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Weekly Challenge for #EnviroEd # 46 Understanding Slums Through Local Wildlife Habitats

October 5, 2014
from PEI Department of Agriculture & Forestry

from PEI Department of Agriculture & Forestry

The first Monday in October is recognized as World Habitat Day by the United Nations. Now while this day is less focused on wildlife habitat and more focused on human beings, we can use the first to help our young students understand the second.

In 2014 the theme for World Habitat Day is “Voices from Slums” and the goal is to give recognition and a voice to slum dwellers for improving living conditions in these areas.

When speaking in these terms, I see a “slum” as an area that is meant to be habitat but is lacking enough of the key ingredients for making it a healthy habitat. Habitat in elementary biological terms is an area made up of four key factors, Food, Water, Shelter and Space.

A slum has limited access to all of these key factors. Socio-economic conditions tend to create a situation where the population density outweighs sanitation. Infectious diseases, unhealthy drinking water, a lack of food, poor living conditions all result.

I applaud the UN for bringing more recognition to slums as for generations society deemed the best way to deal with these areas was to pretend they did not exist, even in the middle of our largest cities.

It may be hard for our students to understand the plight and living arrangements of people in Dharavi (Mumbai) without movies such as Slumdog Millionaire or why the African Ebola outbreak can be contained in North America or Europe but not the slum conditions of many villages where it is hard to contain.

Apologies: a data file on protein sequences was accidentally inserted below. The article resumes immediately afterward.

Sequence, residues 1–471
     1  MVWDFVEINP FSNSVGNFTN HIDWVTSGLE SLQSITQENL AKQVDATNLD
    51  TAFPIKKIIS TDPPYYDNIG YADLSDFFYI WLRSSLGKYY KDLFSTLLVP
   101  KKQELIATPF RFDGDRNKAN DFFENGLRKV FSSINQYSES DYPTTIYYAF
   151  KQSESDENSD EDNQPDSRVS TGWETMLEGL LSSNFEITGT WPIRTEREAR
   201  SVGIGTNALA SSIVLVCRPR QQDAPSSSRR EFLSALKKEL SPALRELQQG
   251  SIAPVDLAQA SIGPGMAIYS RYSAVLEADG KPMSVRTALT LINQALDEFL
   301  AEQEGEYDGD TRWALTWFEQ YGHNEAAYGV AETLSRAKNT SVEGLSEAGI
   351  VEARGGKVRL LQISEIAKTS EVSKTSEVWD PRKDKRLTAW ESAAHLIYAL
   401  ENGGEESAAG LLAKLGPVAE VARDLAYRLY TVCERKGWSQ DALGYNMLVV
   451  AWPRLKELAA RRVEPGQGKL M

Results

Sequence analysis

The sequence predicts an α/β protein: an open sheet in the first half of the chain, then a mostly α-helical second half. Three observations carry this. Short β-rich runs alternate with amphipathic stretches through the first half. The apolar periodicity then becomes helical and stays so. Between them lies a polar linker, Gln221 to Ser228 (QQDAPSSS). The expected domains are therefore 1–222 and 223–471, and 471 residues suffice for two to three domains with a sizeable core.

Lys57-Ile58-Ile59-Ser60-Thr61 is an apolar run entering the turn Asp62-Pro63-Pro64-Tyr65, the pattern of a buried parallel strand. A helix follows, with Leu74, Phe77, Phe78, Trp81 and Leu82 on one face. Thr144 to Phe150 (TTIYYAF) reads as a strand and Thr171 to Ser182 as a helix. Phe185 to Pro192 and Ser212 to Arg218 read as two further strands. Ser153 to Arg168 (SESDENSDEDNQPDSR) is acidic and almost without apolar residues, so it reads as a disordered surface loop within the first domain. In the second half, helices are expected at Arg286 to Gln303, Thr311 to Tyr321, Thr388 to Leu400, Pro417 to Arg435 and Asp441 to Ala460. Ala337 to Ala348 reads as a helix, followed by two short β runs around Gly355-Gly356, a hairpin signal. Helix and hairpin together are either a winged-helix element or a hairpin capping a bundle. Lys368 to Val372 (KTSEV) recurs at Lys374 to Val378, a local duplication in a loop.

So this is where I make the connection to what I typically write about in this blog space.

Back to the needs of living things. Food, Water, Shelter and Space. If just one of those elements is in decline then it is no longer a viable habitat for a species.

It takes just a little encroachment into the habitat for the results to be devastating. It may not always seem to be significant at the time. One new introduced species or one stand of trees cut and the entire ecological balance is thrown to the wind. Often it will become a domino effect with one element followed by another disappearing. First a drought will kill the trees which provided habitat for the caterpillars which are eaten by the birds.

By studying the conditions of habitat in our own backyards we can see examples of animal “slums”. A quick hike will show signs if you are looking for them.

1) Are animals using unconventional shelters? (under porches for instance)

2) Are animals eating unconventional food? (opossums for instance will often have a perfectly round scar on their face from licking the inside of tin cans)

3) Is the local waterway covered in algae? Or perhaps is it so crystal clear that it is a likely sign that not even algae can live in it?

4) Do you think there is enough space for the animals to consider it “home”? Or if seen are they just passing through?

Then, after being aware of the issues. What do your students think should be done? What do they think THEY should be doing about any wildlife “slums” they discover?

By making students aware of inappropriate conditions for their own backyard brethren could we be germinating the seeds of empathy of discussion of human conditions around the world perhaps?

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